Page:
It feels like a distant world now, doesn’t it? The most we see about an album nowadays is a square cover that gets downloaded with a song. Ugh.

      Your dad bought your cassettes? Haha – how cool is that! And I’m sure you begged and pleaded (and got your way) when required 😛

      Thanks for the blog-love, aawwwww!

  3. 29th November, 2011 9:03 PM

    Ah, the days of the good old cassette. I still nurture my collection with a lot of fondness (and dusting) and the player is in super shape. Well, that one is a lie. 😀

    • 30th November, 2011 12:40 AM

      Whaaaaatt? Really? My mom hired a crane that just scooped all our cassettes and threw them away (except for all the ones that she used to listen to!).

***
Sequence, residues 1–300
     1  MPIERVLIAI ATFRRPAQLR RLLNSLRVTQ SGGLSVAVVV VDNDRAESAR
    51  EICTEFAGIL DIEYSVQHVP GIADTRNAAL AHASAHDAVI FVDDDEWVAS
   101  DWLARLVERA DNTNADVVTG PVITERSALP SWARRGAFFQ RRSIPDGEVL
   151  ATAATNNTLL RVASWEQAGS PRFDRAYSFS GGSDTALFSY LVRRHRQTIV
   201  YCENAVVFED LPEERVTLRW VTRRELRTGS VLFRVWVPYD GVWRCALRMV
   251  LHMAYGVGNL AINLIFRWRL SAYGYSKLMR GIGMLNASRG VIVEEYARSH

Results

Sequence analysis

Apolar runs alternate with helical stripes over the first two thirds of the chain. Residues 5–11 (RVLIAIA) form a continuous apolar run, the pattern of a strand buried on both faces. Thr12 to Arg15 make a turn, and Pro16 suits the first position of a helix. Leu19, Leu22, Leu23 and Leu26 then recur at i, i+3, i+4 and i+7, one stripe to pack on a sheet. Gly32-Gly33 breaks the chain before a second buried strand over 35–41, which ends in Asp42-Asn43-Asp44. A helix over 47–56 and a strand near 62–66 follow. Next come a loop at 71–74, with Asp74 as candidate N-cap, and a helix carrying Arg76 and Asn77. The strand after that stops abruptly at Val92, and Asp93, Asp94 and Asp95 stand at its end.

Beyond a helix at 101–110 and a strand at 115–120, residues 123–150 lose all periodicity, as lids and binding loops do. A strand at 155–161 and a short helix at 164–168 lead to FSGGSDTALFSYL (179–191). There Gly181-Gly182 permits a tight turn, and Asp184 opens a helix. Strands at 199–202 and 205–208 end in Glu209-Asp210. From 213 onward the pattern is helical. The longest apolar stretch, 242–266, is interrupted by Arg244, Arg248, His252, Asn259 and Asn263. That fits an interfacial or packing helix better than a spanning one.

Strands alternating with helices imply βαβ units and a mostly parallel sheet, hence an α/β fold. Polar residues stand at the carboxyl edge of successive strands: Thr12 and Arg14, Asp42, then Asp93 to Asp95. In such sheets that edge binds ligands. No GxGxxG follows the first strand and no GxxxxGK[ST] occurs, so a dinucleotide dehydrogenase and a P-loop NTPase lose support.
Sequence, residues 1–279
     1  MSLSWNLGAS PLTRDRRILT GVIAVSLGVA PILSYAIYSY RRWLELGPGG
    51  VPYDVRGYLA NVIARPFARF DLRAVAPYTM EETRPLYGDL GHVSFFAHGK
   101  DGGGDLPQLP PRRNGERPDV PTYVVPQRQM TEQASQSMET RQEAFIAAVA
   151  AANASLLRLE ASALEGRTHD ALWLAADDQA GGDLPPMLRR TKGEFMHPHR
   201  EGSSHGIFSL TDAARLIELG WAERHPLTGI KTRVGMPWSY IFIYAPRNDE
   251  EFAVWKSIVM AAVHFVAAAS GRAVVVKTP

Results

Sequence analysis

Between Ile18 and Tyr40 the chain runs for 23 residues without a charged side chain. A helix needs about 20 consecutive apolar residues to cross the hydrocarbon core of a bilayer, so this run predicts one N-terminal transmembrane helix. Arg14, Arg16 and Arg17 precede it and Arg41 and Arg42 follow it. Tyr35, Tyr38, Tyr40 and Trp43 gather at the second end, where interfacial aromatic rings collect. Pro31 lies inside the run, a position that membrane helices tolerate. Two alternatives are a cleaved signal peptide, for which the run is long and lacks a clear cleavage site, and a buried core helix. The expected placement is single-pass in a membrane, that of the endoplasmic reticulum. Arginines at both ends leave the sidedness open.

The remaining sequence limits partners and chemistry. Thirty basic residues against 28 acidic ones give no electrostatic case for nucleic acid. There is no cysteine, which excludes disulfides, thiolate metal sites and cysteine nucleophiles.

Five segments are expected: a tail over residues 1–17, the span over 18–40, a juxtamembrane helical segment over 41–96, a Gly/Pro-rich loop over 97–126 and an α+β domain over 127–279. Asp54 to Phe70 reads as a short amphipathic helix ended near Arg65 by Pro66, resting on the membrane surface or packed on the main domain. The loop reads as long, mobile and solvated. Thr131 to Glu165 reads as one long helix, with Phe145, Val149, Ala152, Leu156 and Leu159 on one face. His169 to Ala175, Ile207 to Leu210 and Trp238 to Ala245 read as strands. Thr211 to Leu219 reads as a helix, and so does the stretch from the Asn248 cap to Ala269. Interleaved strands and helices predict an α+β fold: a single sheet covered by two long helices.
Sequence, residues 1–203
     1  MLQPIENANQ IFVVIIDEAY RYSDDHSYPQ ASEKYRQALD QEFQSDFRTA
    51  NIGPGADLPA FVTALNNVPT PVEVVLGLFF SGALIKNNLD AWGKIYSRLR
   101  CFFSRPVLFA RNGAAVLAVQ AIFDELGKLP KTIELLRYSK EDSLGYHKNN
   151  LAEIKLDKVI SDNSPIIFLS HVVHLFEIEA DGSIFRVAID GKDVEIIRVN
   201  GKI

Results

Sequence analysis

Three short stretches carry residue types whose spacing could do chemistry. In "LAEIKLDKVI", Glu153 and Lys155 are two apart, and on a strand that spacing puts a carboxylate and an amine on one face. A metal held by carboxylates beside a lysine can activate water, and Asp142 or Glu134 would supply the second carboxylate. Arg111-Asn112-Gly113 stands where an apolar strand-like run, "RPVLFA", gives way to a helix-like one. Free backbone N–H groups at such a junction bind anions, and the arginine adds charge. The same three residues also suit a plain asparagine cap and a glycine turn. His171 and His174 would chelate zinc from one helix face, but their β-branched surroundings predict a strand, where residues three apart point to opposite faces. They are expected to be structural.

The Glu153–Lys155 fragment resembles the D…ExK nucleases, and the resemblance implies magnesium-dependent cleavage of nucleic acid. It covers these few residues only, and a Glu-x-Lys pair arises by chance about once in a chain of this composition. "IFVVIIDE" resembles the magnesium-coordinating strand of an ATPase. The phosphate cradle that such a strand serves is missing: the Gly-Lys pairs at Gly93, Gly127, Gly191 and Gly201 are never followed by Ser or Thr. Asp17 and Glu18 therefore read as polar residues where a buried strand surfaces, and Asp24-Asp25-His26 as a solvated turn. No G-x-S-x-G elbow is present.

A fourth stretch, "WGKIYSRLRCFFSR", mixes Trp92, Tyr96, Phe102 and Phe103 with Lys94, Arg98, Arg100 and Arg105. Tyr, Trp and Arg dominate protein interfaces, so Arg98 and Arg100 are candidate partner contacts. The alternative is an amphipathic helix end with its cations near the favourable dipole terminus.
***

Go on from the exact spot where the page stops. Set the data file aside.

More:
I really miss those days – this modern world is just not good enough! 🙂

  4. 2nd December, 2011 1:02 PM

    yeah-i remember this image i saw sometime back A cassette and a yellow steadler pencil with a simple tagline: ‘This generation will never know the link between them.’
    What a powerful message.

    • 2nd December, 2011 1:37 PM

      *sniff* ..

      You know, I’m sure our parents said the same to us – for a lot of things. I guess it’s a fact of life!

  5. 8th December, 2011 7:16 PM

    Times have changed so much. About 15 years back, whenever there was a new movie getting released, I remember running off to music shop to buy the songs cassette of the movie. Also, we used to have bigger movie cassettes that were inserted in a VCR/VCP.

    Now, I feel that was a totally different era. I think my generation has witnessed the maximum technological change.

    • 8th December, 2011 8:00 PM

      True, very true!

      But don’t you think the generation after us will witness even more technological change? Mind-boggling, if you think of it!